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Composition and diurnal variability of the natural Amazonian aerosol

Graham, Bim and Guyon, Pascal and Maenhaut, Willy and Taylor, Philip E. and Ebert, Martin and Matthias-Maser, Sabine and Mayol-Bracero, Olga L. and Godoi, Ricardo H. M. and Artaxo, Paulo and Meixner, Franz X. and Lima Moura, Marcos A. and Eça D'Almeida Rocha, Carlos H. and Van Grieken, René and Glovsky, M. Michael and Flagan, Richard C. and Andreae, Meinrat O. (2003) Composition and diurnal variability of the natural Amazonian aerosol. Journal of Geophysical Research D, 108 (D24). Art. No. 4765. ISSN 0148-0227. https://resolver.caltech.edu/CaltechAUTHORS:20141027-135717698

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Abstract

As part of the Large-Scale Biosphere-Atmosphere Experiment in Amazonia (LBA)-Cooperative LBA Airborne Regional Experiment (CLAIRE) 2001 campaign, separate day and nighttime aerosol samples were collected in July 2001 at a ground-based site in Amazonia, Brazil, in order to examine the composition and temporal variability of the natural “background” aerosol. A combination of analytical techniques was used to characterize the elemental and ionic composition of the aerosol. Major particle types larger than ∼0.5 μm were identified by electron and light microscopy. Both the coarse and fine aerosol were found to consist primarily of organic matter (∼70 and 80% by mass, respectively), with the coarse fraction containing small amounts of soil dust and sea-salt particles and the fine fraction containing some non-sea-salt sulfate. Coarse particulate mass concentrations (CPM ≈ PM_(10) − PM_2) were found to be highest at night (average = 3.9 ± 1.4 μg m^(−3), mean night-to-day ratio = 1.9 ± 0.4), while fine particulate mass concentrations (FPM ≈ PM_2) increased during the daytime (average = 2.6 ± 0.8 μg m^(−3), mean night-to-day ratio = 0.7 ± 0.1). The nocturnal increase in CPM coincided with an increase in primary biological particles in this size range (predominantly yeasts and other fungal spores), resulting from the trapping of surface-derived forest aerosol under a shallow nocturnal boundary layer and a lake-land breeze effect at the site, although active nocturnal sporulation may have also contributed. Associated with this, we observed elevated nighttime concentrations of biogenic elements and ions (P, S, K, Cu, Zn, NH_4^+) in the CPM fraction. For the FPM fraction a persistently higher daytime concentration of organic carbon was found, which indicates that photochemical production of secondary organic aerosol from biogenic volatile organic compounds may have made a significant contribution to the fine aerosol. Dust and sea-salt-associated elements/ions in the CPM fraction, and non-sea-salt sulfate in the FPM fraction, showed higher daytime concentrations, most likely due to enhanced convective downward mixing of long-range transported aerosol.


Item Type:Article
Related URLs:
URLURL TypeDescription
http://dx.doi.org/10.1029/2003JD004049DOIArticle
http://onlinelibrary.wiley.com/doi/10.1029/2003JD004049/abstractPublisherArticle
ORCID:
AuthorORCID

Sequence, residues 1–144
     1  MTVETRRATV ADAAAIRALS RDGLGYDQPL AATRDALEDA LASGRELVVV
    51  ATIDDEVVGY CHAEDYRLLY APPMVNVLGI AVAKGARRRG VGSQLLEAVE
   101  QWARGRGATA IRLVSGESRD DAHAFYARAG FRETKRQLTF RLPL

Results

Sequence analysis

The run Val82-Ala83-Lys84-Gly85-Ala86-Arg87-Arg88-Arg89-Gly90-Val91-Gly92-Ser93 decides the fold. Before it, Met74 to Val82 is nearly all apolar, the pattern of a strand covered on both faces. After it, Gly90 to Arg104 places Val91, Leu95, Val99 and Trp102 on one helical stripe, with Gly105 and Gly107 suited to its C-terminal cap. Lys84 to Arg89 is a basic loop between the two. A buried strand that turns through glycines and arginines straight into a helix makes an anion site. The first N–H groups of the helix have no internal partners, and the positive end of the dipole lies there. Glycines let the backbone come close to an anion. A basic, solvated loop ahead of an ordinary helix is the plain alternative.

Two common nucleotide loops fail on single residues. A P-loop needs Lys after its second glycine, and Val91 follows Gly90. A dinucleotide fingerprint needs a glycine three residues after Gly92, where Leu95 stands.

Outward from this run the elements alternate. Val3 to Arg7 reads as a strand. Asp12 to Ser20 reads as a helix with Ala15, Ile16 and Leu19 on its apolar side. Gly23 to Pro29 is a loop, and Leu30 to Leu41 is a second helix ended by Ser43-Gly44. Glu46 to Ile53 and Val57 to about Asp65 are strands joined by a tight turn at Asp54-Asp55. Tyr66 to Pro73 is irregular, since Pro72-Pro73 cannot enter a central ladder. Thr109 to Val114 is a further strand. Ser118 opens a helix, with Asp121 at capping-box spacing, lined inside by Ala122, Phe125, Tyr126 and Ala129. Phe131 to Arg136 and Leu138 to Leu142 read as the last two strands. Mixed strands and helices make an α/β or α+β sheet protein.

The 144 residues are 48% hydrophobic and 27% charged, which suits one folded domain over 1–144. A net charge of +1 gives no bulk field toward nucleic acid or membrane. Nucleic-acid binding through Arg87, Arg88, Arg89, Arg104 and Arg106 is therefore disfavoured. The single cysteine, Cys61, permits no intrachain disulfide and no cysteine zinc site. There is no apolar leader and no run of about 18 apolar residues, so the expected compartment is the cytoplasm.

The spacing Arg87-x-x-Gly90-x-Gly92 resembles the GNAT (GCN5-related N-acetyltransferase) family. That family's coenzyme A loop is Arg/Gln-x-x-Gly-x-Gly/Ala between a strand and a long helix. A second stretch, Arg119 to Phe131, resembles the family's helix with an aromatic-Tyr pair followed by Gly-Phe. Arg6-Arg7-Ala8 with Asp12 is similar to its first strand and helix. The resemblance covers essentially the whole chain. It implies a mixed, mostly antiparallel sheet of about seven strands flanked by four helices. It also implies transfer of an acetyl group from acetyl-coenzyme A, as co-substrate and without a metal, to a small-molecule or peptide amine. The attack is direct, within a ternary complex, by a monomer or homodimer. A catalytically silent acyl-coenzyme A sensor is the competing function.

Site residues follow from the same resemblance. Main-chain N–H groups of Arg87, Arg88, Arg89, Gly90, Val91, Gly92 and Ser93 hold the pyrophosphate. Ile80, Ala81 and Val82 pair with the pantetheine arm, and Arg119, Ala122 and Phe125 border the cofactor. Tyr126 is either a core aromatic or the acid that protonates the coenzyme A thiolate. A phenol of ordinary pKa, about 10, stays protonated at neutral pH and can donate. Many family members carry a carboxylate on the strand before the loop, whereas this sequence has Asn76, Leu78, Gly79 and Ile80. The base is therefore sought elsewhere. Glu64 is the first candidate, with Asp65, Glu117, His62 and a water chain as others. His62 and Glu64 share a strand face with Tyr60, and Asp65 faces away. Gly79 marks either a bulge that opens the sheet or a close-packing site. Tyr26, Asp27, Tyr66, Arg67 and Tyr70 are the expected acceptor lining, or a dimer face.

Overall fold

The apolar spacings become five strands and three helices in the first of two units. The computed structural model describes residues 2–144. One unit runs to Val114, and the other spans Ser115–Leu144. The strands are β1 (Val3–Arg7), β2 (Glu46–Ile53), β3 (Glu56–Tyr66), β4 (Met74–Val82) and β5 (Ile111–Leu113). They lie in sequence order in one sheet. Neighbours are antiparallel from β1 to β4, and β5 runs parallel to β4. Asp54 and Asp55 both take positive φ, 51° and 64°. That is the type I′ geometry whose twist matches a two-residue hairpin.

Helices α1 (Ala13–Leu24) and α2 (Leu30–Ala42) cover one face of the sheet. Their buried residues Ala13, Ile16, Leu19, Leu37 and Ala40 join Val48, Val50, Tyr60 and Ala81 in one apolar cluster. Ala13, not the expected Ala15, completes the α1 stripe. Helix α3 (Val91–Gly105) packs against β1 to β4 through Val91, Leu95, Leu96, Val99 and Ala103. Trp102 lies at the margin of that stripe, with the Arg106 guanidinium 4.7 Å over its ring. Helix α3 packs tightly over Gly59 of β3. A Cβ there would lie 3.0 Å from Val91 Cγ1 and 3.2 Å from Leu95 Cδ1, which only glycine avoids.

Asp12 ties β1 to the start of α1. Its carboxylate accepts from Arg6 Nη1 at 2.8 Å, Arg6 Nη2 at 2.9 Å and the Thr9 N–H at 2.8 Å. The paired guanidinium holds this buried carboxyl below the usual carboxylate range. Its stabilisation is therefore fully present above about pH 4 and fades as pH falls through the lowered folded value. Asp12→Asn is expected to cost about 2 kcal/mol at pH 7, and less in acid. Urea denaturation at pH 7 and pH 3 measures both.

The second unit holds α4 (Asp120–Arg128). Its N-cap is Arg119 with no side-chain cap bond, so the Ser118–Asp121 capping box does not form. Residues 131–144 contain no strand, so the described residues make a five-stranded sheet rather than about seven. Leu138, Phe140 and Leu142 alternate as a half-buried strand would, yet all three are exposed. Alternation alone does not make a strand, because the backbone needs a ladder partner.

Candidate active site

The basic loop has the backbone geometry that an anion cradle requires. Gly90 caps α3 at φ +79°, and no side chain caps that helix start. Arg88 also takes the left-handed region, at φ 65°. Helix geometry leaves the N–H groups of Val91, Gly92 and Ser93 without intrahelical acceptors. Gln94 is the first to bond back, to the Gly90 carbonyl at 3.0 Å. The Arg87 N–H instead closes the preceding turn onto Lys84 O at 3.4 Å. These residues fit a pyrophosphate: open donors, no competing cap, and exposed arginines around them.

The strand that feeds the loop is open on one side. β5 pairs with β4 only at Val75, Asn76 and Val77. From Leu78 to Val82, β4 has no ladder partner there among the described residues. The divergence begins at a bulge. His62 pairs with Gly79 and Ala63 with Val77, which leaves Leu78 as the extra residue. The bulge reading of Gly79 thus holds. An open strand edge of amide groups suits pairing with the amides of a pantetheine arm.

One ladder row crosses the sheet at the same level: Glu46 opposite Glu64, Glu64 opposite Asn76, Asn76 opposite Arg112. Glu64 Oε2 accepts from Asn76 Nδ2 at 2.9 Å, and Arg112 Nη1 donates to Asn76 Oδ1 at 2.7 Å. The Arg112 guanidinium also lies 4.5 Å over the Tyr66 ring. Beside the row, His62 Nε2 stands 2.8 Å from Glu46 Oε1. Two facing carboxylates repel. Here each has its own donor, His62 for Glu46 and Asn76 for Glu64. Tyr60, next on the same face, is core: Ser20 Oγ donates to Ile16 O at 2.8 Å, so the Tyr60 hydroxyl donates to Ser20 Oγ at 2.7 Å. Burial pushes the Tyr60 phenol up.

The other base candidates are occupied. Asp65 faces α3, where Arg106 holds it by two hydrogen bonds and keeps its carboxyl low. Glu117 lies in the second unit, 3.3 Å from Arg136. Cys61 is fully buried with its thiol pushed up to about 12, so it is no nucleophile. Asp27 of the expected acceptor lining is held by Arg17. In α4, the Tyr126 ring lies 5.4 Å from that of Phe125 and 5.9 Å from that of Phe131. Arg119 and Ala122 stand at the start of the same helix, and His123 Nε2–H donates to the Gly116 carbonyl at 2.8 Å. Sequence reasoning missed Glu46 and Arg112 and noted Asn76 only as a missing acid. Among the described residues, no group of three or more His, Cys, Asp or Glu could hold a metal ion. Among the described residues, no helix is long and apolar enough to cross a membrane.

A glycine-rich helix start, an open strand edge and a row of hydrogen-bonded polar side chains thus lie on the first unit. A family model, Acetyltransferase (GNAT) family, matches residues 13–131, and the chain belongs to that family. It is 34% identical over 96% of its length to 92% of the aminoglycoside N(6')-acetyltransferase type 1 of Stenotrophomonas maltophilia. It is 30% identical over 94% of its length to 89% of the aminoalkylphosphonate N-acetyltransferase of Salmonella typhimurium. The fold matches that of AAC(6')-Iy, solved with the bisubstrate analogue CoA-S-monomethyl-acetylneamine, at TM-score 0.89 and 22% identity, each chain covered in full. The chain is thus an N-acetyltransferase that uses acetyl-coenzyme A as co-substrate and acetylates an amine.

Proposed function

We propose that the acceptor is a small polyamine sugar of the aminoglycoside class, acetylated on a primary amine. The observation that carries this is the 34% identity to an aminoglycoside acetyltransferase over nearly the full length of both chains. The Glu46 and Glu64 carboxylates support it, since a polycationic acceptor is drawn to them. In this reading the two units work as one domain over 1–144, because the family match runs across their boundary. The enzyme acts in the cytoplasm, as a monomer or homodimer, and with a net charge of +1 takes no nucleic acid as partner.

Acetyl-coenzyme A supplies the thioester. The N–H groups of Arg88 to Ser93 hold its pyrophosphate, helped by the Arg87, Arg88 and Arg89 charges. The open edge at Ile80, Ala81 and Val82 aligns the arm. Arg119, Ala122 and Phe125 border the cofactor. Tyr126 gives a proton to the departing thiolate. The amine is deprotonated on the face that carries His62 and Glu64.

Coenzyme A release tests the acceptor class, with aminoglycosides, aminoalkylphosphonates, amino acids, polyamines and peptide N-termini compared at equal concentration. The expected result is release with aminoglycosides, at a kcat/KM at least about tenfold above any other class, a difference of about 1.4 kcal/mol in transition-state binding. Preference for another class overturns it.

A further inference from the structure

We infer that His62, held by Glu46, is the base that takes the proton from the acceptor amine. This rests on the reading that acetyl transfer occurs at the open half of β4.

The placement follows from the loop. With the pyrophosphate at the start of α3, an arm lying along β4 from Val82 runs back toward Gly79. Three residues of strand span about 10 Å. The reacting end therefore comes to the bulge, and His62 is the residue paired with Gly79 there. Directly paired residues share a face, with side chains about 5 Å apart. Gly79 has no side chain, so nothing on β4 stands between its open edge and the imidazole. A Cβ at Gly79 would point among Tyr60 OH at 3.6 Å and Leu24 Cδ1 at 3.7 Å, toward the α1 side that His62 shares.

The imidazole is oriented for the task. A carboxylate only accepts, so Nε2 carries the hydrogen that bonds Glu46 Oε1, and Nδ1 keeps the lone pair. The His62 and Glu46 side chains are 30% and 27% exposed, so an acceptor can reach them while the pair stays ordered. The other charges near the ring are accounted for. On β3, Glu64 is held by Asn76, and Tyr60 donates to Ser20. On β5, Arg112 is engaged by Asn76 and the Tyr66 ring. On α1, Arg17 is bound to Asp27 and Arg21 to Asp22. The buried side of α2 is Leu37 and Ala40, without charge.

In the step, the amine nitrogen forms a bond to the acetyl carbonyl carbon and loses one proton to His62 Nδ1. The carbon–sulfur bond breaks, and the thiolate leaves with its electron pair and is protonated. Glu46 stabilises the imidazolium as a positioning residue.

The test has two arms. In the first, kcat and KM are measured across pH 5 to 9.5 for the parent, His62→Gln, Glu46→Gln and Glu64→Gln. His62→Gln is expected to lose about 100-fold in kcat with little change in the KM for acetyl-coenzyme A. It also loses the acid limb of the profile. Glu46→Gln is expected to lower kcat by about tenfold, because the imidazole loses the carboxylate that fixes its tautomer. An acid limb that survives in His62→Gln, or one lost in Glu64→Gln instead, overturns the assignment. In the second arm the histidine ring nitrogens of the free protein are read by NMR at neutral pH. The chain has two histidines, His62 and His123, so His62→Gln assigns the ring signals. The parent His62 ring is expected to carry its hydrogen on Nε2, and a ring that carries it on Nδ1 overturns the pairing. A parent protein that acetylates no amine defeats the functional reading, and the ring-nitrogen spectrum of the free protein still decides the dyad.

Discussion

Maenhaut, Willy0000-0002-4715-4627
Flagan, Richard C.0000-0001-5690-770X
Andreae, Meinrat O.0000-0003-1968-7925
Additional Information:Copyright 2003 by the American Geophysical Union. Received 5 August 2003; revised 5 October 2003; accepted 23 October 2003; published 18 December 2003. This study was carried out as part of the Large-Scale Atmosphere-Biosphere Experiment in Amazonia (LBA). It was made possible by fundamental support through the Max Planck Society. P. Artaxo acknowledges financial support from “Fundação de Amparo à Pesquisa do Estado de São Paulo”, W. Maenhaut acknowledges financial support from the Belgian Federal Office for Scientific, Technical and Cultural Affairs, and the “Fonds voor Wetenschappelijk Onderzoek-Vlaanderen”, and P. Taylor, R. Flagan and M. Glovsky acknowledge support from the Philip Morris External Research Program. We acknowledge X. Chi for the thermooptical transmission measurements, and sincerely thank the staff of Manaus Energia who supported us in the course of the measurements through the supply and maintenance of infrastructure.
Funders:
Funding AgencyGrant Number
Max Planck SocietyUNSPECIFIED
Fundação de Amparo à Pesquisa do Estado de São Paulo (FAPESP)UNSPECIFIED
Belgian Federal Science Policy Office (BELSPO)UNSPECIFIED
Fonds Wetenschappelijk Onderzoek - Vlaanderen (FWO)UNSPECIFIED
Philip Morris External Research ProgramUNSPECIFIED
Subject Keywords:biogenic aerosol; spores; elemental composition; Amazon; bioaerosol; organic aerosol
Issue or Number:D24
Classification Code:0305 Atmospheric Composition and Structure: Aerosols and particles (0345, 4801); 0315 Atmospheric Composition and Structure: Biosphere/atmosphere interactions; 0322 Atmospheric Composition and Structure: Constituent sources and sinks; 0365 Atmospheric Com
Record Number:CaltechAUTHORS:20141027-135717698
Persistent URL:https://resolver.caltech.edu/CaltechAUTHORS:20141027-135717698
Official Citation:Graham, B., et al. (2003), Composition and diurnal variability of the natural Amazonian aerosol, J. Geophys. Res., 108, 4765, doi:10.1029/2003JD004049, D24.
Usage Policy:No commercial reproduction, distribution, display or performance rights in this work are provided.
ID Code:50871
Collection:CaltechAUTHORS
Deposited By: George Porter
Deposited On:27 Oct 2014 21:21
Last Modified:03 Oct 2019 07:27

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